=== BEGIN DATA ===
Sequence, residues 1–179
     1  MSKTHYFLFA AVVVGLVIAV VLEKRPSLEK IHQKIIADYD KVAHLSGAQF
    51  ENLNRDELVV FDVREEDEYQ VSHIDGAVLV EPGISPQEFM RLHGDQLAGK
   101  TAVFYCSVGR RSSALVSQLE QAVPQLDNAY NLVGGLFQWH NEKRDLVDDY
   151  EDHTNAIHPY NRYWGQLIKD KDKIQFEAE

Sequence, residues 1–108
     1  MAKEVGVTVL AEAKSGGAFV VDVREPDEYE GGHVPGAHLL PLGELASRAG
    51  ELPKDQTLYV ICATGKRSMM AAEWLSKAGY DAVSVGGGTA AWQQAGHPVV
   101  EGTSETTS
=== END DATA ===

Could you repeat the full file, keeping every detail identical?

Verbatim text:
Sequence, residues 1–179
     1  MSKTHYFLFA AVVVGLVIAV VLEKRPSLEK IHQKIIADYD KVAHLSGAQF
    51  ENLNRDELVV FDVREEDEYQ VSHIDGAVLV EPGISPQEFM RLHGDQLAGK
   101  TAVFYCSVGR RSSALVSQLE QAVPQLDNAY NLVGGLFQWH NEKRDLVDDY
   151  EDHTNAIHPY NRYWGQLIKD KDKIQFEAE

Sequence, residues 1–108
     1  MAKEVGVTVL AEAKSGGAFV VDVREPDEYE GGHVPGAHLL PLGELASRAG
    51  ELPKDQTLYV ICATGKRSMM AAEWLSKAGY DAVSVGGGTA AWQQAGHPVV
   101  EGTSETTS